The Supreme Court Breakfast Table

Do Female Judges Have To Quit Their All-Women Book Groups?
An email conversation about the news of the day.
June 24 2009 10:06 AM

The Supreme Court Breakfast Table

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Dear Walter and Dahlia:

Walter, before I take up your invitation to talk about Caperton and other highlights and lowlights of the term, indulge me in a digression about the preposterous criticism Sonia Sotomayor has endured for getting together with her girlfriends in a group amusingly named the Belizean Grove. Get a life, people! Do I really have to explain the joke to you? Here's the Bohemian Grove, where captains of industry wander about and bond amid the redwoods, dwelling in "camps" on fabulously valuable property in Northern California and mingling with basically every other powerful man in the country. And here's a bunch of women who give themselves the tongue-in-cheek name of Belizean Grove (trust me, I've been to Belize), who own no property, who do not engage (or at least I assume they don't) in the male BG's truly odd ritual of peeing on the redwoods (I'm not making this up), and who enjoy one another's company by taking occasional trips.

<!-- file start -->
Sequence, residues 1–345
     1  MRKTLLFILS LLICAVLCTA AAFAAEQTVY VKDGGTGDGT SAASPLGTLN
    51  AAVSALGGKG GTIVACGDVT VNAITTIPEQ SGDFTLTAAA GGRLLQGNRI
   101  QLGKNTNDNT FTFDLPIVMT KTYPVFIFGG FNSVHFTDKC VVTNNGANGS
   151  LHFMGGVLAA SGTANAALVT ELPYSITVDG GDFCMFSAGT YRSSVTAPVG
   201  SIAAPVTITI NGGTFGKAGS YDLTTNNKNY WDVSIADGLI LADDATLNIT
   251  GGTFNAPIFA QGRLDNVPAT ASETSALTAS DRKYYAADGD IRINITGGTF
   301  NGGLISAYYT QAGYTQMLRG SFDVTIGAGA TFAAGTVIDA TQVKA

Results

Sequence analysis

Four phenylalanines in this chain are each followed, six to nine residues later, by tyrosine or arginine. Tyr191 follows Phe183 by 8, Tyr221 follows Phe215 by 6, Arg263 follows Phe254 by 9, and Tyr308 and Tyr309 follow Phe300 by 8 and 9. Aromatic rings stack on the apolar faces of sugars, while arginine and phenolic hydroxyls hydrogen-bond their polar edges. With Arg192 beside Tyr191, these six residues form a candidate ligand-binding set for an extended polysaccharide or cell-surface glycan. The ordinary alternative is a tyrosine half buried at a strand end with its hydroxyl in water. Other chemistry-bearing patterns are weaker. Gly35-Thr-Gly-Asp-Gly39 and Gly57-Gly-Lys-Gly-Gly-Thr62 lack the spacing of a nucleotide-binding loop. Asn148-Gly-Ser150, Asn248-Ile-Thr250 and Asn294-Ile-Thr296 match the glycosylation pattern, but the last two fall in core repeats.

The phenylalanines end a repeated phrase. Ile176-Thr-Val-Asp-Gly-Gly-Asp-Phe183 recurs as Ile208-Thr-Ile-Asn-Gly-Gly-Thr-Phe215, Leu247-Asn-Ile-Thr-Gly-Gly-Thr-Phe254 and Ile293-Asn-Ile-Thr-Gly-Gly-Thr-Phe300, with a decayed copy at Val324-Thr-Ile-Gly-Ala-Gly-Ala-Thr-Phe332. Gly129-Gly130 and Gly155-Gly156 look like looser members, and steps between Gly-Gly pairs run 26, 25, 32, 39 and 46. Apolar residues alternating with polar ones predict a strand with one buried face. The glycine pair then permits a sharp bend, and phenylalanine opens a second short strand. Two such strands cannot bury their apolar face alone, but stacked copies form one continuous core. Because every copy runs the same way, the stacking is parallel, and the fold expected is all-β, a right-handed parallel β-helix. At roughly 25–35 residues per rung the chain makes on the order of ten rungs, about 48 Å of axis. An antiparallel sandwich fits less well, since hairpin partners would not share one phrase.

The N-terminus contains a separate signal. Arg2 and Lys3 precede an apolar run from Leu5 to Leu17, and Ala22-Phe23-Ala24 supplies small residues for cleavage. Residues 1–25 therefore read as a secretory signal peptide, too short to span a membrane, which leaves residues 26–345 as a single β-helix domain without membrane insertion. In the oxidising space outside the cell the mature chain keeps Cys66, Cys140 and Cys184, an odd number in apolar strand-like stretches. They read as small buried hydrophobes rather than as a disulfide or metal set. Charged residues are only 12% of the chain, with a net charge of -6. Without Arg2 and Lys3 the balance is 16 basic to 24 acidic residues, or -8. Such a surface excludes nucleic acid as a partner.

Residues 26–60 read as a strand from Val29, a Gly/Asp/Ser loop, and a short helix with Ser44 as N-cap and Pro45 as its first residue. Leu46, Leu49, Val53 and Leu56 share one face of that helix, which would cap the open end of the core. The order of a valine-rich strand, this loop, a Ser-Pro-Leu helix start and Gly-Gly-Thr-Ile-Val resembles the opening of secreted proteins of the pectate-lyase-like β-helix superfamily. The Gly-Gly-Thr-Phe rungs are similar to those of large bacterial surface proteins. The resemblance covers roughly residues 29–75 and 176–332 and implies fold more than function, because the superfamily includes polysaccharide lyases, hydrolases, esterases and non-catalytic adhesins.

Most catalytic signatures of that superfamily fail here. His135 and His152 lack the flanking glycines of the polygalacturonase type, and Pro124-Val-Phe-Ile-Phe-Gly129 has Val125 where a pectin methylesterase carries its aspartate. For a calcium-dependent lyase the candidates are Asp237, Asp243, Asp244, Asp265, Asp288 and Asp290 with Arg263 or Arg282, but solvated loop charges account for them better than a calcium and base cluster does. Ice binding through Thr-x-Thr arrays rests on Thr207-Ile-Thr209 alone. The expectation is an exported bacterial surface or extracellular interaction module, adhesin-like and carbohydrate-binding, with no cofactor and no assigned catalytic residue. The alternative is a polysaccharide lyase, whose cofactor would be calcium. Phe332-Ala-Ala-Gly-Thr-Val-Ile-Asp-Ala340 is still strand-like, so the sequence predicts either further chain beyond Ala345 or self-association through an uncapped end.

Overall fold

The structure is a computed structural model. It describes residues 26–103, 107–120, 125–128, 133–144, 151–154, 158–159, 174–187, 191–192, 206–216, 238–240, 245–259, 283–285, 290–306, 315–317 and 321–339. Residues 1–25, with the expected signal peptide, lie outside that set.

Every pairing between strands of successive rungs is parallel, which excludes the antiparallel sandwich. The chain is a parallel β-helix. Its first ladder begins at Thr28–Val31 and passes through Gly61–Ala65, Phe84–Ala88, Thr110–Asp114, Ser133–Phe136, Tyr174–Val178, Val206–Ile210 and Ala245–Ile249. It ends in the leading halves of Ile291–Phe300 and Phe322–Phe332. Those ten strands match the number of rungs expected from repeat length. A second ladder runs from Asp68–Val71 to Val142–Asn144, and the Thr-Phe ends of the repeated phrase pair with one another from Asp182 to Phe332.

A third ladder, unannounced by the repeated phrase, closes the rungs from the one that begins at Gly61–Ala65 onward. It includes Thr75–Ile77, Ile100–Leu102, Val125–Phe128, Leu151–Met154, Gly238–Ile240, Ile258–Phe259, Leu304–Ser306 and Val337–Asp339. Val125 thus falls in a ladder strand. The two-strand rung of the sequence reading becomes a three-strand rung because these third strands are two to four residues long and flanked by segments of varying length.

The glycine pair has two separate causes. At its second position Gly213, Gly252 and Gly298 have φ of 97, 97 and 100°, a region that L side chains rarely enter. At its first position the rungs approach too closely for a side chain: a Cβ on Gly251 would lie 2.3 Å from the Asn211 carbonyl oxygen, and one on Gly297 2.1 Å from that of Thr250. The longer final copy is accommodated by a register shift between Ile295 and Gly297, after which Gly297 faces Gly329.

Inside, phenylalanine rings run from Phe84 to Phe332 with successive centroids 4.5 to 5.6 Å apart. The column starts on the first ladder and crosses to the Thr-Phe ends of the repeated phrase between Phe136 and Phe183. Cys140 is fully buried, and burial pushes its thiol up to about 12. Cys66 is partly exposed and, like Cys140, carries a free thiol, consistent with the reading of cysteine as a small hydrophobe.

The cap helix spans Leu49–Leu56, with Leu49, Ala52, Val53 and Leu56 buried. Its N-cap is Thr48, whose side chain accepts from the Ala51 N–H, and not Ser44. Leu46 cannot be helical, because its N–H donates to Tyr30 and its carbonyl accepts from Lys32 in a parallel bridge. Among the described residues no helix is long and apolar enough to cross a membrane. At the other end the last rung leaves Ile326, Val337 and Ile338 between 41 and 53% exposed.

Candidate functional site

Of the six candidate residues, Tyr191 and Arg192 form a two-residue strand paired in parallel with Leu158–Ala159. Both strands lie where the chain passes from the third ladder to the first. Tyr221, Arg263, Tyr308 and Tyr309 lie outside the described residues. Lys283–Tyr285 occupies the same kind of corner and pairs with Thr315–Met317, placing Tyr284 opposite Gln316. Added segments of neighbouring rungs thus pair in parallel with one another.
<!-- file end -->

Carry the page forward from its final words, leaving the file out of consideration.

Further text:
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I take a trip to Mexico every winter with a group of female friends, and we call ourselves Las Amigas. If I decided to go for a federal judgeship, would I have to become a former amiga? How is this different from all-women book groups? I guess any woman who aspires to a judgeship had better make sure her book group is co-ed, lest she be accused of a "double standard." And let's not even mention the National Association of Women Judges, an estimable group of long standing, with a distinguished membership roster. I could go on, but I will restrain myself. I'm just sorry that S.S. or her advisers felt the need to dignify this nonsensical criticism by taking a defensive tone about the Belizean Grove and then "resigning."